Lipoprotein Metabolism

The handling of lipoproteins in the body is referred to as lipoprotein metabolism. It is divided into two pathways, exogenous and endogenous, depending in large part on whether the lipoproteins in question are composed chiefly of dietary (exogenous) lipids or whether they originated in the liver (endogenous).

Exogenous pathway

Epithelial cells lining the small intestine readily absorb lipids from the diet. These lipids, including triglycerides, phospholipids, and cholesterol, are assembled with apolipoprotein B-48 into chylomicrons. These nascent chylomicrons are secreted from the intestinal epithelial cells into the lymphatic circulation in a process that depends heavily on apolipoprotein B-48. As they circulate through the lymphatic vessels, nascent chylomicrons bypass the liver circulation and are drained via the thoracic duct into the bloodstream.

In the bloodstream, HDL particles donate apolipoprotein C-II and apolipoprotein E to the nascent chylomicron; the chylomicron is now considered mature. Via apolipoprotein C-II, mature chylomicrons activate lipoprotein lipase (LPL), an enzyme on endothelial cells lining the blood vessels. LPL catalyzes the hydrolysis of triacylglycerol (i.e. glycerol covalently joined to three fatty acids) that ultimately releases glycerol and fatty acids from the chylomicrons. Glycerol and fatty acids can then be absorbed in peripheral tissues, especially adipose and muscle, for energy and storage.

The hydrolyzed chylomicrons are now considered chylomicron remnants. The chylomicron remnants continue circulating until they interact via apolipoprotein E with chylomicron remnant receptors, found chiefly in the liver. This interaction causes the endocytosis of the chylomicron remnants, which are subsequently hydrolyzed within lysosomes. Lysosomal hydrolysis releases glycerol and fatty acids into the cell, which can be used for energy or stored for later use.

Endogenous pathway

The liver is another important source of lipoproteins, principally VLDL. Triacylglycerol and cholesterol are assembled with apolipoprotein B-100 to form VLDL particles. Nascent VLDL particles are released into the bloodstream via a process that depends upon apolipoprotein B-100.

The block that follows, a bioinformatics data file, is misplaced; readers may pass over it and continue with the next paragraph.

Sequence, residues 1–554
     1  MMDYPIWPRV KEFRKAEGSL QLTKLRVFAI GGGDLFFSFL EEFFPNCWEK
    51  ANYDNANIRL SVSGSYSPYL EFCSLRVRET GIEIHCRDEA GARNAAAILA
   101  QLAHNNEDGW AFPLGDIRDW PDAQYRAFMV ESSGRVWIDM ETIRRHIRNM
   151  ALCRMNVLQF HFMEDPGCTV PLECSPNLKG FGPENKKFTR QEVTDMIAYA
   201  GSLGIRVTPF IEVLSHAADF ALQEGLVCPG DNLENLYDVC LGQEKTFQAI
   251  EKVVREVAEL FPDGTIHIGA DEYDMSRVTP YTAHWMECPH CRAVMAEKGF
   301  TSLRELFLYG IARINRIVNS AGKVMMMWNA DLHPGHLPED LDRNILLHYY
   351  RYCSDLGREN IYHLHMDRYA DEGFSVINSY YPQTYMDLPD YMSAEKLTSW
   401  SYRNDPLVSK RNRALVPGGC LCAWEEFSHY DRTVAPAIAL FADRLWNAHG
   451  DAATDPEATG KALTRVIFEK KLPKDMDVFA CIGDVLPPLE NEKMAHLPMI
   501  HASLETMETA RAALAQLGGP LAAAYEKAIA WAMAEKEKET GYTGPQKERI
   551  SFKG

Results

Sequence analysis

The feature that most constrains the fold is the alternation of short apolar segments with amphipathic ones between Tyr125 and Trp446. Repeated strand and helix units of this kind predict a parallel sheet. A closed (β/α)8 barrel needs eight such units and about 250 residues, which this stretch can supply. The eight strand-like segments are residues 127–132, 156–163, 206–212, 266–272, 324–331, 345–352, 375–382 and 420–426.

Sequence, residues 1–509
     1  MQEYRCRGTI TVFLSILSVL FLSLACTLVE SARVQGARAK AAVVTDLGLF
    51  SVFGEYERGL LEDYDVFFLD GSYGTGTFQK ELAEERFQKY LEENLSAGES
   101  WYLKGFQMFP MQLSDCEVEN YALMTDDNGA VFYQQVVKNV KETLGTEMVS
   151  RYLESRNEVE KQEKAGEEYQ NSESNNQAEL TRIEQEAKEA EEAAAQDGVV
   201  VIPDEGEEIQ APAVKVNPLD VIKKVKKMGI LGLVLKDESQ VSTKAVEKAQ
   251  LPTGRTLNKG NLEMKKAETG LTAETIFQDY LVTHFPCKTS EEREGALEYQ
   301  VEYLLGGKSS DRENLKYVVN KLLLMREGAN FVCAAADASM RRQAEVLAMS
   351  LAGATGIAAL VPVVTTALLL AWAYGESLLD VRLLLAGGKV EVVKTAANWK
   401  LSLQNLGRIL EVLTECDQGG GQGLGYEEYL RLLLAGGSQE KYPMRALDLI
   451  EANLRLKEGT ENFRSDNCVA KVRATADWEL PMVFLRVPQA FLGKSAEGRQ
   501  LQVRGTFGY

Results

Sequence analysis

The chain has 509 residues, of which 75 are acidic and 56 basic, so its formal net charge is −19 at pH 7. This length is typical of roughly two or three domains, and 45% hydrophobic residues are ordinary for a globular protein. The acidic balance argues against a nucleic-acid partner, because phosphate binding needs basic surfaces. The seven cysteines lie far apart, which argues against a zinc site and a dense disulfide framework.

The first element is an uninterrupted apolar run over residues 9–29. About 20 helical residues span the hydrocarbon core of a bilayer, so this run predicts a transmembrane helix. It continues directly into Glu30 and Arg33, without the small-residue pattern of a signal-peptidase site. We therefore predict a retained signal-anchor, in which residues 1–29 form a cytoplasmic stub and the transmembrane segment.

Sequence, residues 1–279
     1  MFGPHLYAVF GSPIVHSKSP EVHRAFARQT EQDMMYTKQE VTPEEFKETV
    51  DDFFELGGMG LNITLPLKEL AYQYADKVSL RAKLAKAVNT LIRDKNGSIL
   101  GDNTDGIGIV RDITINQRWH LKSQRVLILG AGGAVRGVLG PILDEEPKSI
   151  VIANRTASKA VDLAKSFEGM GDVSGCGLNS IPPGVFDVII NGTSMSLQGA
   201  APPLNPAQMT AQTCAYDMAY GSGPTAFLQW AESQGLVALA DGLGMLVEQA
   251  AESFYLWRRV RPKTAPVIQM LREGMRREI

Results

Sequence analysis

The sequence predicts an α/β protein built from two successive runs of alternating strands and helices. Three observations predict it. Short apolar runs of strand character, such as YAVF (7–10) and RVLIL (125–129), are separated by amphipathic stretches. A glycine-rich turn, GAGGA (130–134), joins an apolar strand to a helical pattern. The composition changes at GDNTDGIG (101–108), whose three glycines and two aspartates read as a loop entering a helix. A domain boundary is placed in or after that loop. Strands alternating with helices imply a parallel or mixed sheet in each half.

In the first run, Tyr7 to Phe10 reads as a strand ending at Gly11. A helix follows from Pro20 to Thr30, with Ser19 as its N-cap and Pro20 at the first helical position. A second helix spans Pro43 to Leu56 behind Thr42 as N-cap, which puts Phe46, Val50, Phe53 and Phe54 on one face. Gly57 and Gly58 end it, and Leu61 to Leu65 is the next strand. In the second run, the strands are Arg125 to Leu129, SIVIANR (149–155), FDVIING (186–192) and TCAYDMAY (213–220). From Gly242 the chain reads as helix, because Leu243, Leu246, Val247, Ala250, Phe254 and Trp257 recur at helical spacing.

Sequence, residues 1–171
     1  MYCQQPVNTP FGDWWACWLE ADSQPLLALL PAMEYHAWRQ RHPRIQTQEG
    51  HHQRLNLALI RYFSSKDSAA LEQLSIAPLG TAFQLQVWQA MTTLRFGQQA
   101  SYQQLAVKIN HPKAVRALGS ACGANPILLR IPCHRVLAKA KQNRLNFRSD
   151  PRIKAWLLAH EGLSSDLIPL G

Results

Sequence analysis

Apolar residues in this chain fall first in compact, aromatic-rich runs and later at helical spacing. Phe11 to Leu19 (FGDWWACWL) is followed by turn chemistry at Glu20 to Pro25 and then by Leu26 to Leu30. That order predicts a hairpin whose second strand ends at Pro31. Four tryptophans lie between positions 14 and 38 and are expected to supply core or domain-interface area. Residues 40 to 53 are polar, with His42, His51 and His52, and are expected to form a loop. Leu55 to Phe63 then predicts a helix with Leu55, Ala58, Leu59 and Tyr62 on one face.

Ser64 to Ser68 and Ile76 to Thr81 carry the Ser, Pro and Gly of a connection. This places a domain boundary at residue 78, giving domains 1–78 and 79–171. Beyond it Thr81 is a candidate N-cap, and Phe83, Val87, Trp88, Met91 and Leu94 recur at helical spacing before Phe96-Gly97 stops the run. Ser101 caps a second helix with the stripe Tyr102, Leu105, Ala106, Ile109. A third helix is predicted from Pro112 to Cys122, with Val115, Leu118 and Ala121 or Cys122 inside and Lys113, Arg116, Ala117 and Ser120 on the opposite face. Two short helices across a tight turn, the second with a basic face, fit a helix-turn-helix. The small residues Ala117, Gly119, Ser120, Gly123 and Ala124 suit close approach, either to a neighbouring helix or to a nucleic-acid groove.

As in chylomicron metabolism, the apolipoprotein C-II and apolipoprotein E of VLDL particles are acquired from HDL particles. Once loaded with apolipoproteins C-II and E, the nascent VLDL particle is considered mature.

Again like chylomicrons, VLDL particles circulate and encounter LPL expressed on endothelial cells. Apolipoprotein C-II activates LPL, causing hydrolysis of the VLDL particle and the release of glycerol and fatty acids. These products can be absorbed from the blood by peripheral tissues, principally adipose and muscle. The hydrolyzed VLDL particles are now called VLDL remnants or intermediate density lipoproteins (IDLs). VLDL remnants can circulate and, via an interaction between apolipoprotein E and the remnant receptor, be absorbed by the liver, or they can be further hydrolyzed by hepatic lipase.

Hydrolysis by hepatic lipase releases glycerol and fatty acids, leaving behind IDL remnants, called low density lipoproteins (LDL), which contain a relatively high cholesterol content. LDL circulates and is absorbed by the liver and peripheral cells. Binding of LDL to its target tissue occurs through an interaction between the LDL receptor and apolipoprotein B-100 or E on the LDL particle. Absorption occurs through endocytosis, and the internalized LDL particles are hydrolyzed within lysosomes, releasing lipids, chiefly cholesterol.

Further Reading


This article is licensed under the Creative Commons Attribution-ShareAlike License. It uses material from the Wikipedia article on "Lipoprotein" All material adapted used from Wikipedia is available under the terms of the Creative Commons Attribution-ShareAlike License. Wikipedia® itself is a registered trademark of the Wikimedia Foundation, Inc.

Last Updated: Feb 1, 2011

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